12:14 am - Tuesday November 25, 2014

Water Pollution

When toxic substances enter lakes, streams, rivers, oceans, and other water bodies, they get dissolved or lie suspended in water or get deposited on the bed. This results in the pollution of water whereby the quality of the water deteriorates, affecting aquatic ecosystems. Pollutants can also seep down and affect the groundwater deposits.

Water pollution has many sources. The most polluting of them are the city sewage and industrial waste discharged into the rivers. The facilities to treat waste water are not adequate in any city in India. Presently, only about 10% of the waste water generated is treated; the rest is discharged as it is into our water bodies. Due to this, pollutants enter groundwater, rivers, and other water bodies. Such water, which ultimately ends up in our households, is often highly contaminated and carries disease-causing microbes. Agricultural run-off, or the water from the fields that drains into rivers, is another major water pollutant as it contains fertilizers and pesticides.

water pollution

Domestic Sewage

Domestic sewage refers to waste water that is discarded from households. Also referred to as sanitary sewage, such water contains a wide variety of dissolved and suspended impurities.

It amounts to a very small fraction of the sewage by weight. But it is large by volume and contains impurities such as organic materials and plant nutrients that tend to rot. The main organic materials are food and vegetable waste, plant nutrient come from chemical soaps, washing powders, etc. Domestic sewage is also very likely to contain disease-causing microbes. Thus, disposal of domestic waste water is a significant technical problem. Sewage generated from the urban areas in India has multiplied manifold since 1947.

Today, many people dump their garbage into streams, lakes, rivers, and seas, thus making water bodies the final resting place of cans, bottles, plastics, and other household products. The various substances that we use for keeping our houses clean add to water pollution as they contain harmful chemicals. In the past, people mostly used soaps made from animal and vegetable fat for all types of washing. But most of today’s cleaning products are synthetic detergents and come from the petrochemical industry. Most detergents and washing powders contain phosphates, which are used to soften the water among other things. These and other chemicals contained in washing powders affect the health of all forms of life in the water.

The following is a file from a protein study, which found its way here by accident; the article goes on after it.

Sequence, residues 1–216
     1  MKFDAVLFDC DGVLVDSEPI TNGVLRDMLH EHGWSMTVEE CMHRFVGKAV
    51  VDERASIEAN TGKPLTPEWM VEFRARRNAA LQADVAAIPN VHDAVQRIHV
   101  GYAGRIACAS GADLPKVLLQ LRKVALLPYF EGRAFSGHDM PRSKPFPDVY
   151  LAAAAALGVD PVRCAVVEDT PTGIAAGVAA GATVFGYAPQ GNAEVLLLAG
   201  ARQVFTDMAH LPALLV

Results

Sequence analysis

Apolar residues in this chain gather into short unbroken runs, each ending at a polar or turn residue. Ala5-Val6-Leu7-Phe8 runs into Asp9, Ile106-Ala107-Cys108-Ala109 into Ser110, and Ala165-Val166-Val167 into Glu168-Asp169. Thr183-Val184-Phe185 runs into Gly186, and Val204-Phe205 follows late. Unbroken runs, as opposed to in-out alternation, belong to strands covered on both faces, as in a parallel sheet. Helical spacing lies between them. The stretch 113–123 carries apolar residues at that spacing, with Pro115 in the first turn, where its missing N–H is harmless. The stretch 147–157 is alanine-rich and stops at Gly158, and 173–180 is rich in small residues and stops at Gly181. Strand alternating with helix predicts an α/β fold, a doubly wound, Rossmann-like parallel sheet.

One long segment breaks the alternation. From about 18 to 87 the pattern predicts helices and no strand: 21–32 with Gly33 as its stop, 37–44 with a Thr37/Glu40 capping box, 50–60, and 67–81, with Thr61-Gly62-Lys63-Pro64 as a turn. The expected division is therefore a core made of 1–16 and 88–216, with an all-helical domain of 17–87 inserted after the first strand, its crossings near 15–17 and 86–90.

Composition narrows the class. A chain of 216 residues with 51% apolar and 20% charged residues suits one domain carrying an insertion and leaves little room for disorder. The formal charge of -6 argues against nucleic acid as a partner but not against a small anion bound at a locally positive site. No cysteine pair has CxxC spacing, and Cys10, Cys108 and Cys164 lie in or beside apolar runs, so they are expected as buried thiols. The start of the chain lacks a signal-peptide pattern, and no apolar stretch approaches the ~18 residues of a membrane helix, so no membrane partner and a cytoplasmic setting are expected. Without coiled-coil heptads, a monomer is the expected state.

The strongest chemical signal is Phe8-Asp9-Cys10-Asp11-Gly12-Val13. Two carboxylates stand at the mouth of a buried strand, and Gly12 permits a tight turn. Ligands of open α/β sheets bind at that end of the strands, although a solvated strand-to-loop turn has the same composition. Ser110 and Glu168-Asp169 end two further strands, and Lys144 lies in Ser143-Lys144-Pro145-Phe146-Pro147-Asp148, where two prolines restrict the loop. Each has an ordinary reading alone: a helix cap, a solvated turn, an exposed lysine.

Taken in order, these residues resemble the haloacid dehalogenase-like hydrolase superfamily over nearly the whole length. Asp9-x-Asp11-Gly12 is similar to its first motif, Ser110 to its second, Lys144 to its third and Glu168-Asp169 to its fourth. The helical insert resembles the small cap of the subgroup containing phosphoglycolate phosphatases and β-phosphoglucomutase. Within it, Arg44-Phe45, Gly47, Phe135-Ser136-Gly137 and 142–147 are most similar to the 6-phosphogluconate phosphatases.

Agricultural Run off

The use of land for agriculture and the practices followed in cultivation greatly affect the quality of groundwater. Intensive cultivation of crops causes chemicals from fertilizers (e.g. nitrate) and pesticides to seep into the groundwater, a process commonly known as leaching. Routine applications of fertilizers and pesticides for agriculture and indiscriminate disposal of industrial and domestic wastes are increasingly being recognized as significant sources of water pollution.

The high nitrate content in groundwater is mainly from irrigation run-off from agricultural fields where chemical fertilizers have been used indiscriminately.

Industrial Effluents

Waste water from manufacturing or chemical processes in industries contributes to water pollution. Industrial waste water usually contains specific and readily identifiable chemical compounds. During the last fifty years, the number of industries in India has grown rapidly. But water pollution is concentrated within a few subsectors, mainly in the form of toxic wastes and organic pollutants. Out of this a large portion can be traced to the processing of industrial chemicals and to the food products industry. In fact, a number of large- and medium-sized industries in the region covered by the Ganga Action Plan do not have adequate effluent treatment facilities. Most of these defaulting industries are sugar mills, distilleries, leather processing industries, and thermal power stations. Most major industries have treatment facilities for industrial effluents. But this is not the case with small-scale industries, which cannot afford enormous investments in pollution control equipment as their profit margin is very slender.

Effects of Water Pollution

The effects of water pollution are not only devastating to people but also to animals, fish, and birds. Polluted water is unsuitable for drinking, recreation, agriculture, and industry. It diminishes the aesthetic quality of lakes and rivers. More seriously, contaminated water destroys aquatic life and reduces its reproductive ability. Eventually, it is a hazard to human health. Nobody can escape the effects of water pollution.